Research:MoodBar/Controlled experiment results

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Pilot: Early data
(July 2011 - September 2011)
Stage 1: Usage and UX
(September 2011 - May 2012)
Stage 2: Impact on editor engagement
(May 2012 - September 2012)
This page in a nutshell: This page holds the results from the controlled experiment on the effect of MoodBar on editor retention.


For more information on the design of the controlled experiment, see the related page.


Still active at days
total number of users still active at days since registration.[1] The metric is computed checking for the presence of edits in the main namespace with timestamp after days since the registration date.
Group size
the number of active users, that is, the size of the group on which the number of still active users is computed, sampled by day of registration.
Retention probability
With the above two we compute the probability of retention at days as the number of surviving users over the group size. This metric is grouped by day of registration, so that we have 5 distinct retention time series.


We considered all active users registered since December 14, 2011 - where "active" is defined as having clicked at least once on the edit button. Active users are split in three groups according to their date of registration (using the CentralAuth DB to consider only local enwiki users). Two groups have MoodBar enabled (historical and treatment) while the third one is a control group. The eligibility windows corresponding to the three group are summarized in Table 1:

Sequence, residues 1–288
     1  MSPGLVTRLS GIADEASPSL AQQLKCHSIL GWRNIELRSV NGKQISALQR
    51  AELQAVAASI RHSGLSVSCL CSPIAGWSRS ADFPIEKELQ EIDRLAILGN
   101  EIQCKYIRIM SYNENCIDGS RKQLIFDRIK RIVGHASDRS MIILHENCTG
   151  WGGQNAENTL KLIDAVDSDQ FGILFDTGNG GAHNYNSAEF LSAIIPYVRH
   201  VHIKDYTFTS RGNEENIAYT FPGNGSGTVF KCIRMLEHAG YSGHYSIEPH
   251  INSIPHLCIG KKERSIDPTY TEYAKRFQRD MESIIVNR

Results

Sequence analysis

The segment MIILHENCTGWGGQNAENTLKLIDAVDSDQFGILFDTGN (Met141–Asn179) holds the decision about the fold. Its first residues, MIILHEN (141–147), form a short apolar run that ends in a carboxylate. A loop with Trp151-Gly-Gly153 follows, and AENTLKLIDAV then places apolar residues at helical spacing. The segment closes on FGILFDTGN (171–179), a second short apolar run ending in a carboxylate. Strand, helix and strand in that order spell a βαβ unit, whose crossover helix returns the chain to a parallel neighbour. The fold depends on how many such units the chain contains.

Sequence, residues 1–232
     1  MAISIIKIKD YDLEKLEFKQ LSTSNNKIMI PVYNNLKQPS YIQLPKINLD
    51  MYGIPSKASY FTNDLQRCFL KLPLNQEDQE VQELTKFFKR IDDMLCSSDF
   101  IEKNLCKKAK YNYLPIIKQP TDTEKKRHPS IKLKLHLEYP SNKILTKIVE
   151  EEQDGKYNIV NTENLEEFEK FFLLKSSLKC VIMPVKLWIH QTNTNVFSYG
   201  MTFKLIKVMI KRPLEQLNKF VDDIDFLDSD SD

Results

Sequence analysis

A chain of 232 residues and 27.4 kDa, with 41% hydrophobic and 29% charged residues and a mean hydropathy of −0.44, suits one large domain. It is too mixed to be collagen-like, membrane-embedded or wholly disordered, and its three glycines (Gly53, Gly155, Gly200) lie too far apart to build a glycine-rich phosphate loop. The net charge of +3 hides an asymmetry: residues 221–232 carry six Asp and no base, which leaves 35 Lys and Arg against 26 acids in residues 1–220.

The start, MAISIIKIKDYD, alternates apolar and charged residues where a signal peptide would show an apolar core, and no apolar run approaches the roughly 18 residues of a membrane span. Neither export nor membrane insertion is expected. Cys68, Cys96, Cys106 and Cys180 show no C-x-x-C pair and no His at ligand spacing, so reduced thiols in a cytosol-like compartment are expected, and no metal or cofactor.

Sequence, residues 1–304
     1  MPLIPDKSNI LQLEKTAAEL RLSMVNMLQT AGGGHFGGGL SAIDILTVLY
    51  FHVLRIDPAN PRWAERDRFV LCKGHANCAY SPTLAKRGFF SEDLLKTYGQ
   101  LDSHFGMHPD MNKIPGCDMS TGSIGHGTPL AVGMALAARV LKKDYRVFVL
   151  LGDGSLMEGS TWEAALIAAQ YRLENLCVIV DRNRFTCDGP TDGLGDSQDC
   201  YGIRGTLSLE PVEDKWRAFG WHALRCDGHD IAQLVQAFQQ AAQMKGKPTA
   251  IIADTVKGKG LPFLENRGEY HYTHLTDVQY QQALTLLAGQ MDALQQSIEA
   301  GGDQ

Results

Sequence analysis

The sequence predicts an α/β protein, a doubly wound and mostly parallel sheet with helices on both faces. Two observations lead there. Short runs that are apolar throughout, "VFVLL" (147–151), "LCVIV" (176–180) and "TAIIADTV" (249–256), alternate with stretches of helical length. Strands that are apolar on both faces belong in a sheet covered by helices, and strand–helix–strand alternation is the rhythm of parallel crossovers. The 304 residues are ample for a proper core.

Table 1: Eligibility window periods
Period Starting date Ending date Description
historical December 14, 2011 00:00:00 May 22, 2012, 23:59:59 MoodBar phase 3
treatment May 23, 2012, 00:00:00 June 13, 2012, 23:59:59 Enhanced tooltip deployed.[2]
control June 14, 2012 00:00:00[3] June 29, 2012 23:59:59 MoodBar blackout

Data were collected two months past the end of the eligibility window (August 28) to allow for a correct estimation of the retention at 30 days.


Retention time series analysis[edit]

We define retention as a measure of activity after a given time span. We analyzed the retention of active new users over time by grouping them by the registration date. The data presents a strong weekly periodicity, as shown by Figure 1, where the group size time series (Fig. 1, top panel) is decomposed using moving averages into a trend, a seasonal, and a random component.[4] In this and in all plots of this section Time (sometimes called Lag) is measured in weeks. The data present a non-monotonic trend, with a rise in the first 8 weeks and a downward part for the remaining 23 weeks. Because the earliest data are from December 2011, the upward trend corresponds roughly to the months of January and February, while the the downward portion corresponds to the March-July period. It is in fact well known that the number of new accounts registrations follows an annual pattern with similar characteristics, at least for the period of the year covered by our data.[5] The outlier in the random panel corresponds to the day of the SOPA/PIPA blackout.[6]